Libya's Seif al-Islam Gaddafi, son of the former Jamahiriya “Guide” Muammar Gaddafi, gave an interview to the “New York Times.” In it, he openly talked about his political ambitions ahead of Libya’s December presidential election.
This is a burning issue for the Libyan Investment Authority. At stake is the Fnac building at Ternes in Paris, €150m of EMTN debt securities placed with Société Générale and several hundred million euros worth of securities placed with the BIA bank.
The Kuwaiti construction group is hoping for confirmation of the seizures it obtained in 2013, after the Egyptian arbitration court ruled in its favour.
Al Kharafi claimed nearly $1bn in compensation after a real estate project in Janzour, near Tripoli, was cancelled. This was because the contract signed in 2006, with the Libyan state, had never been finalised.
The Court of Cassation will have to make a decision based on two contradictory court rulings that were issued in 2019. On one hand, the Paris Court of Appeal validated Al Kharafi’s seizures, while on the other hand, the Versailles Court of Appeal granted the LIA immunity from execution, thus allowing it to protect its assets.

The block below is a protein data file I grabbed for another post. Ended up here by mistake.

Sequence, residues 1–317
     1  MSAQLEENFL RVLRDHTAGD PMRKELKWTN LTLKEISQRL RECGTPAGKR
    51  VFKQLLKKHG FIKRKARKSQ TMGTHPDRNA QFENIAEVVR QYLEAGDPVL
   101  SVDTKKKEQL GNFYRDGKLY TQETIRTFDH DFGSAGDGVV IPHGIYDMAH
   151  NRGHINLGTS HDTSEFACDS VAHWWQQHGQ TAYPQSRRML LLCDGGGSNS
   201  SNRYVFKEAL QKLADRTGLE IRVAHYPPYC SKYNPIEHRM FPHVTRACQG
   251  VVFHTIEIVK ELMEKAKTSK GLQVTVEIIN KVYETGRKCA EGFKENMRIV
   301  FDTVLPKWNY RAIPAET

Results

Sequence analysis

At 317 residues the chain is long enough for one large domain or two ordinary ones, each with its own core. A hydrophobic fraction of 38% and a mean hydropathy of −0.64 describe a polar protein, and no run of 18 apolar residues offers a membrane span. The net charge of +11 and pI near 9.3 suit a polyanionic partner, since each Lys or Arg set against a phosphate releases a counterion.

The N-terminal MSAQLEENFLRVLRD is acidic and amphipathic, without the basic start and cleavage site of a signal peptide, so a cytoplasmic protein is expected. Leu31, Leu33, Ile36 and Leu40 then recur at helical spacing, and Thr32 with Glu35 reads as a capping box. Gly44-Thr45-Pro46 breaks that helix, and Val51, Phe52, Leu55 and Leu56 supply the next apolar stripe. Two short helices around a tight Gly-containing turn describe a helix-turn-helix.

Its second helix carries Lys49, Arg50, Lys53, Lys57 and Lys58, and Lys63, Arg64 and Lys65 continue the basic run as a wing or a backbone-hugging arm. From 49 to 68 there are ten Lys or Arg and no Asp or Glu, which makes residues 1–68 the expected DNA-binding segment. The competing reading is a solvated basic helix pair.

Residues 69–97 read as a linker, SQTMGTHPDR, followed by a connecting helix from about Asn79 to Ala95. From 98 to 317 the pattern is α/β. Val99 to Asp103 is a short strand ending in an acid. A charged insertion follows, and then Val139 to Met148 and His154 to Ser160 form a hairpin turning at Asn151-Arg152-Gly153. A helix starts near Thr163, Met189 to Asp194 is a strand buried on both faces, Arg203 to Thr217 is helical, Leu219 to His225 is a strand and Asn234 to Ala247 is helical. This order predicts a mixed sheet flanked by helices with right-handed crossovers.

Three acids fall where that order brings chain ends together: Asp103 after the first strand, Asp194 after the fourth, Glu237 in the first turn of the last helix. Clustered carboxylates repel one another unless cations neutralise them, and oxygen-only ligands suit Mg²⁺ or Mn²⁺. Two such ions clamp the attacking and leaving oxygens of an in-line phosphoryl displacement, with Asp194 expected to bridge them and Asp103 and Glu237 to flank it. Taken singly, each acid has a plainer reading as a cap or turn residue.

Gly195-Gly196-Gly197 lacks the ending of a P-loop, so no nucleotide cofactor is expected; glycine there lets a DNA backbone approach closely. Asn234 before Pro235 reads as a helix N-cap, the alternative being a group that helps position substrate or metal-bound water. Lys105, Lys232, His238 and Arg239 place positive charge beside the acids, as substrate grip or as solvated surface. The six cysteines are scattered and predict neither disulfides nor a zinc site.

What about the asset freeze?
The question regarding the legality of seizing frozen assets was on the agenda as the assets of the sovereign wealth fund are covered by UN sanctions that were imposed in 2011.
This was one of the arguments of the LIA’s defence team, which also fears that the case will set a precedent. According to Al Kharafi’s lawyers, the aim will be to have the link between the sovereign wealth fund and the Libyan state recognised.
The French Treasury General Directorate had rejected the request to unfreeze the assets in October 2020, arguing that the LIA was not part of the contract signed between the Kuwaiti group and the Libyan state.
In June 2021, a new development arose in the legal battle that had begun in Egypt eight years ago. Egypt’s Supreme Court validated the arbitration that Al Kharafi had won in 2013. The Cairo Court of Appeal had overturned this initial award in June 2020, in favour of the LIA.
According to Deloitte’s latest report, the LIA’s assets were estimated to be worth nearly $68bn in 2019.
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